There has been some opposition to veterans' courts, but even the feisty American Civil Liberties Union (ACLU) has gotten behind the idea. That's largely because the veterans' court concept actually shows how the criminal justice system could do so much better in dealing with nonviolent offenders -- pointing out the expense involved with the lock-em-up-and-throw-away-the-key approach, which costs taxpayers thousands of dollars per person, millions a year and incalculable suffering on many levels of society.
"It's not about carving out specialty justice for veterans, but rather about putting similar systems in place that help divert vulnerable populations who require services rather than incarceration," an ACLU representative emailed me.
The larger questions about failings within the criminal justice system need to be addressed, but they do not speak to the immediate and pressing needs of veterans, many of whom are pouring back into American society in large numbers.
As Americans prepare to honor fallen veterans on Memorial Day weekend -- a holiday often more thought of as the unofficial start of summer than a sober remembrance day for all of America's war dead -- "My hope and dream is that at some given time these conflicts will end and we will bring our military home," says Gravett.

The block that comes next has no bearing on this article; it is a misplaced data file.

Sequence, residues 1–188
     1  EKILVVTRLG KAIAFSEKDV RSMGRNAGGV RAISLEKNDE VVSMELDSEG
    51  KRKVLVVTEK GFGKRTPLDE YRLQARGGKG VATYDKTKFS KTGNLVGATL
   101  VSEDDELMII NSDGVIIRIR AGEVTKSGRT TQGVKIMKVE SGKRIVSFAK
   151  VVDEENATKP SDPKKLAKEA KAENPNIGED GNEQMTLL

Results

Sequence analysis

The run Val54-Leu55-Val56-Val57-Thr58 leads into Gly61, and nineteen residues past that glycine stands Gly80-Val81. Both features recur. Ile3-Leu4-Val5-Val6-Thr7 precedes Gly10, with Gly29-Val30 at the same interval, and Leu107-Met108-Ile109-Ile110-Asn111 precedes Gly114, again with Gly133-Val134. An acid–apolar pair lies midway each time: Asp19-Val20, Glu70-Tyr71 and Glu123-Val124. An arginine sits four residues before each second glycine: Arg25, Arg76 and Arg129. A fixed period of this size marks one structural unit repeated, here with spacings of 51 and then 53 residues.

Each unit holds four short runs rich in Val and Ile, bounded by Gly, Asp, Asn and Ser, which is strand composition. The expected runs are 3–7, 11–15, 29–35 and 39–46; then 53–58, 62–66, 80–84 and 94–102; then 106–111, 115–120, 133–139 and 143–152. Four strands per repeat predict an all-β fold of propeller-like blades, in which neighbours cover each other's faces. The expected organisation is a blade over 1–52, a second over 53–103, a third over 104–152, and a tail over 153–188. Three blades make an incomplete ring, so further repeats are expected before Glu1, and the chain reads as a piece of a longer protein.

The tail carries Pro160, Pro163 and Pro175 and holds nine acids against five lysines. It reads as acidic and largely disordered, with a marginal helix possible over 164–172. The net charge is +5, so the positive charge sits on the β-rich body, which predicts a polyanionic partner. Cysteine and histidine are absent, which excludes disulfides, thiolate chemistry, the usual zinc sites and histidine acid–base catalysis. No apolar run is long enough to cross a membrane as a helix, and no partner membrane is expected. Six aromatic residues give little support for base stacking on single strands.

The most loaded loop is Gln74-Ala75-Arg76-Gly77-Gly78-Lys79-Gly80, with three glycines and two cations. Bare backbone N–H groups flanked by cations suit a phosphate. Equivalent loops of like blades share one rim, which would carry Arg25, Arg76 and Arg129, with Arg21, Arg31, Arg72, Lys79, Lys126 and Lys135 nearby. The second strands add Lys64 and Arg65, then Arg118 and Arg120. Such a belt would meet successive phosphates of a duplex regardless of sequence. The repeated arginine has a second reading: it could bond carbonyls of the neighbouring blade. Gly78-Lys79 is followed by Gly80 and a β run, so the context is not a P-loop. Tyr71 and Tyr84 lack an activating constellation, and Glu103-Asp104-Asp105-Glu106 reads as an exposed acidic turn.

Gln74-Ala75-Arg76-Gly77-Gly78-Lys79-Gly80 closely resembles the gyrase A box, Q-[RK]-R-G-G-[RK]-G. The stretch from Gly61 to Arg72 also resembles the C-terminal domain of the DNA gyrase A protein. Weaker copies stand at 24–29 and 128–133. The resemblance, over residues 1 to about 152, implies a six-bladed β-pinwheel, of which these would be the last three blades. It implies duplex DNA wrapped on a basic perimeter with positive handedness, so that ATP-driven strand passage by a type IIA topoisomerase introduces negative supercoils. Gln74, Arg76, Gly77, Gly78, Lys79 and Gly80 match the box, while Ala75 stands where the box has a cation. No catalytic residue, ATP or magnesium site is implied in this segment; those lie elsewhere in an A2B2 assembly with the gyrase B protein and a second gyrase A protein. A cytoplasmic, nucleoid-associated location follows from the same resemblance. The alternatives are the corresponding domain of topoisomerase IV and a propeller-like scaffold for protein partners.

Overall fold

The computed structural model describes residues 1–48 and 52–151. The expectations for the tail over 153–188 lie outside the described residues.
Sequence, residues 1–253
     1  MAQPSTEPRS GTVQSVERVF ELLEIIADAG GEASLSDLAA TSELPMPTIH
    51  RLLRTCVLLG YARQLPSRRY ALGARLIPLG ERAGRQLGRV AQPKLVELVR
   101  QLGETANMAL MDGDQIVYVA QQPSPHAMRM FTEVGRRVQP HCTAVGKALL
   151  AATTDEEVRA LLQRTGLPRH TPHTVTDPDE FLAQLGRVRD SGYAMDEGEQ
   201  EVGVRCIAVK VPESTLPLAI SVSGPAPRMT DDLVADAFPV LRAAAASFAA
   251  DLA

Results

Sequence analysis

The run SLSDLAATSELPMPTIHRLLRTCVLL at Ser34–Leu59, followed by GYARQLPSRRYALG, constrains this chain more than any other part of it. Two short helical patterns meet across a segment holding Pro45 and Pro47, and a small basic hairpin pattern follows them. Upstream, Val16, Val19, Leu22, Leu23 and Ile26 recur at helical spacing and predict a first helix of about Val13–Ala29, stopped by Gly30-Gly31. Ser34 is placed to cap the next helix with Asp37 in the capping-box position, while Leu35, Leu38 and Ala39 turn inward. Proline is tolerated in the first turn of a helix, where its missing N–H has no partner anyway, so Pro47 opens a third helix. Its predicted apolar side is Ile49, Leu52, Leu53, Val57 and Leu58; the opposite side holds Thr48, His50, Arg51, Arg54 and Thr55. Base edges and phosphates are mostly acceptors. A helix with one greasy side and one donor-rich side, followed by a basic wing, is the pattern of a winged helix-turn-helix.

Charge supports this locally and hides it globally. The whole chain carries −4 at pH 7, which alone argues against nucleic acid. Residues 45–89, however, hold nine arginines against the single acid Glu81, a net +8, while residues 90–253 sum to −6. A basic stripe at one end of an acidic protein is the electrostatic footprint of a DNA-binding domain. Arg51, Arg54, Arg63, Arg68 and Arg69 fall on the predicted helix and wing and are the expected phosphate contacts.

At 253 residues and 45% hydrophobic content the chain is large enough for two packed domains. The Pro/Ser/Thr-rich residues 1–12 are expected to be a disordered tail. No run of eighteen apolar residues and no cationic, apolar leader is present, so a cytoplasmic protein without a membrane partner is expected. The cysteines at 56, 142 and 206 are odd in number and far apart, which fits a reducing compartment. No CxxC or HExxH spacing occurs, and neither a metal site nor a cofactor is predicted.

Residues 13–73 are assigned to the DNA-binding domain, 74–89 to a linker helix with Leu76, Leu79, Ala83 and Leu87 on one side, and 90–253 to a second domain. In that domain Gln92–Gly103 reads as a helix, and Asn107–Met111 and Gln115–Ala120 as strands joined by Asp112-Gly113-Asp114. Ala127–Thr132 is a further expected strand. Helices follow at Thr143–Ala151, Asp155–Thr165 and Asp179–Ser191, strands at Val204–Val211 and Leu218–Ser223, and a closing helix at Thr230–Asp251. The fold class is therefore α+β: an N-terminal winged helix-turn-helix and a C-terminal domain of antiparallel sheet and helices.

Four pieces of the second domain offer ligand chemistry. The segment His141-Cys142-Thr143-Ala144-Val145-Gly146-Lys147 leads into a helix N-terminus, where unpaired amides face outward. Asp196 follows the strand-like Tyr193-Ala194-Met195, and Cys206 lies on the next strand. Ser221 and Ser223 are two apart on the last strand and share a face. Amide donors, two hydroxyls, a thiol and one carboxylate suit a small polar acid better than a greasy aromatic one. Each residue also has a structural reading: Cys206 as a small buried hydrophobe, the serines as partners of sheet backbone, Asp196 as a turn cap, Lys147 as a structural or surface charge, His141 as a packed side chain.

But since wars have been fought almost since the beginning of time, what we need today, Gravett adds, is for veterans, "to be treated with respect according to what service they gave to their country, and now their country has to take care of them."
To which he adds unprompted -- as if there's a lot more to what he's seen and heard on the subject of war and what it does to people:
"The most anti-war person is a warrior."
People who knew Uncle Larry say he was a very sweet and likeable guy. When he came back from Vietnam, he was quiet, withdrawn, haunted. Today, a kind of sadness fills the room when his name is mentioned. Perhaps these courts can save some men and women who are already going down a similar path - lift them out of the things that are haunting them and heal their wounds.
Photo by Logan Nakyanzi Pollard
A version of this post first appeared in the Pasadena Weekly as the cover story.